Sagaradatta, Sāgaradatta, Sagara-datta: 5 definitions


Sagaradatta means something in Hinduism, Sanskrit, Jainism, Prakrit. If you want to know the exact meaning, history, etymology or English translation of this term then check out the descriptions on this page. Add your comment or reference to a book if you want to contribute to this summary article.

In Hinduism

Kavya (poetry)

[«previous next»] — Sagaradatta in Kavya glossary
Source: Wisdom Library: Kathāsaritsāgara

Sāgaradatta (सागरदत्त) is the name of a Gandharva king, according to the Kathāsaritsāgara, chapter 106. Accordingly, “... Naravāhanadatta, perceiving that the inhabitants of the city carried lyres in their hands, said to his host: ‘Why have all these people, even down to the children, got lyres in their hands?’ Then Vīṇādatta gave him this answer: ‘Sāgaradatta, the King of the Gandharvas, who lives here, has a daughter named Gandharvadattā, who eclipses the nymphs of heaven”.

The Kathāsaritsāgara (‘ocean of streams of story’), mentioning Sāgaradatta, is a famous Sanskrit epic story revolving around prince Naravāhanadatta and his quest to become the emperor of the vidyādharas (celestial beings). The work is said to have been an adaptation of Guṇāḍhya’s Bṛhatkathā consisting of 100,000 verses, which in turn is part of a larger work containing 700,000 verses.

Kavya book cover
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Kavya (काव्य, kavya) refers to Sanskrit poetry, a popular ancient Indian tradition of literature. There have been many Sanskrit poets over the ages, hailing from ancient India and beyond. This topic includes mahakavya, or ‘epic poetry’ and natya, or ‘dramatic poetry’.

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In Jainism

General definition (in Jainism)

[«previous next»] — Sagaradatta in Jainism glossary
Source: Trisastisalakapurusacaritra

1) Sāgaradatta (सागरदत्त) is the father of Pūrṇabhadra, according to chapter 1.1 [ādīśvara-caritra] of Hemacandra’s 11th century Triṣaṣṭiśalākāpuruṣacaritra (“lives of the 63 illustrious persons”): a Sanskrit epic poem narrating the history and legends of sixty-three important persons in Jainism.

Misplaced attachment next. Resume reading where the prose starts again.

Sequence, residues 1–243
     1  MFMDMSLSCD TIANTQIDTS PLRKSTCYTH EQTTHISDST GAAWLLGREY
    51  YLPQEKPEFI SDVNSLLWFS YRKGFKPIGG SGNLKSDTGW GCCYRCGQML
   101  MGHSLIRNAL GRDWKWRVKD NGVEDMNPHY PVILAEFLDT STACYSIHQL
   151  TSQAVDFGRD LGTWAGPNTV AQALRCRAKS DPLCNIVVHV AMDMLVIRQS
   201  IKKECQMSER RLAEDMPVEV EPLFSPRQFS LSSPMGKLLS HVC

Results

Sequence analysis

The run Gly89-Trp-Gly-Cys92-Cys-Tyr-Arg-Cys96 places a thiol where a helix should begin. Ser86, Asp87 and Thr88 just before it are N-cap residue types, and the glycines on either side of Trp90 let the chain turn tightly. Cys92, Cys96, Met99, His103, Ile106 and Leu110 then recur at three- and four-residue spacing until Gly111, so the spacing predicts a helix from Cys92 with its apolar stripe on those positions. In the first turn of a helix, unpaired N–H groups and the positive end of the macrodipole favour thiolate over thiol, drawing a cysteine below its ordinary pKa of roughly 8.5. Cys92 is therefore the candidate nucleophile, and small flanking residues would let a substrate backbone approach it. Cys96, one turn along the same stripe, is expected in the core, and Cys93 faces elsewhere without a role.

Accordingly, “After he had enjoyed pleasures unceasingly, the soul of Vajrajaṅgha fell from the exhaustion of his life-span, just as a snow-ball melts in the sun. In Jambūdvīpa, in the Videhas, in the city Kṣitipratiṣṭhita, he was born as the son, named Jīvānanda, of the physician Suvidhi. [...] At the same time in this city four other boys were born, like pieces of dharma joined to bodies. [...] Another was the son, named Pūrṇabhadra, of the trader Sāgaradatta and his wife Abhayavatī”.

2) Sāgaradatta (सागरदत्त) is the name of an ancient king from Padminīkhaṇḍa, according to chapter 5.4 [śāntinātha-caritra].—Accordingly, as Megharatha related:—“There is a city Padminīkhaṇḍa, like a multitude of lotuses of Śrī, the ornament of Airavatakṣetra in Jambūdvīpa. Sāgaradatta lived there, resembling the ocean in wealth, and he had an irreproachable wife, Vijayasenā. They had two sons, Dhana and Nandana, and they reached youth, gradually growing up. The two of them passed the time, wandering about in various sports, arrogant from their father’s wealth. [...]”.

3) Sāgaradatta (सागरदत्त) is the friend of Jinadharma from Padminīkhaṇḍa, according to chapter 6.7 [śrī-munisuvratanātha-caritra].—Accordingly, as Munisuvrata narrated:—“Once upon a time there was a merchant, a layman, Jinadharma by name, in the city Padminīkhaṇḍa. He had a friend, Sāgaradatta, the head of the whole city, who went with him every day to the shrines because of a tendency to right-belief. One day he heard from the sādhus, ‘Whoever has statues of the Arhats made, he will obtain dharma, which destroys worldly existence, in another birth.’ [...]”.

General definition book cover
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Jainism is an Indian religion of Dharma whose doctrine revolves around harmlessness (ahimsa) towards every living being. The two major branches (Digambara and Svetambara) of Jainism stimulate self-control (or, shramana, ‘self-reliance’) and spiritual development through a path of peace for the soul to progess to the ultimate goal.

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Languages of India and abroad

Sanskrit dictionary

[«previous next»] — Sagaradatta in Sanskrit glossary
Source: Cologne Digital Sanskrit Dictionaries: Cappeller Sanskrit-English Dictionary

Sāgaradatta (सागरदत्त).—[masculine] a man’s name.

Source: Cologne Digital Sanskrit Dictionaries: Monier-Williams Sanskrit-English Dictionary

1) Sāgaradatta (सागरदत्त):—[=sāgara-datta] [from sāgara] m. ‘Ocean-given’, Name of a king of the Gandharvas, [Kathāsaritsāgara]

2) [v.s. ...] of a Śakya, [Buddhist literature]

3) [v.s. ...] of a merchant, [Pañcatantra]

4) [v.s. ...] of various other men, [Hemacandra’s Pariśiṣṭaparvan]

[Sanskrit to German]

Sagaradatta in German

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Sanskrit, also spelled संस्कृतम् (saṃskṛtam), is an ancient language of India commonly seen as the grandmother of the Indo-European language family (even English!). Closely allied with Prakrit and Pali, Sanskrit is more exhaustive in both grammar and terms and has the most extensive collection of literature in the world, greatly surpassing its sister-languages Greek and Latin.

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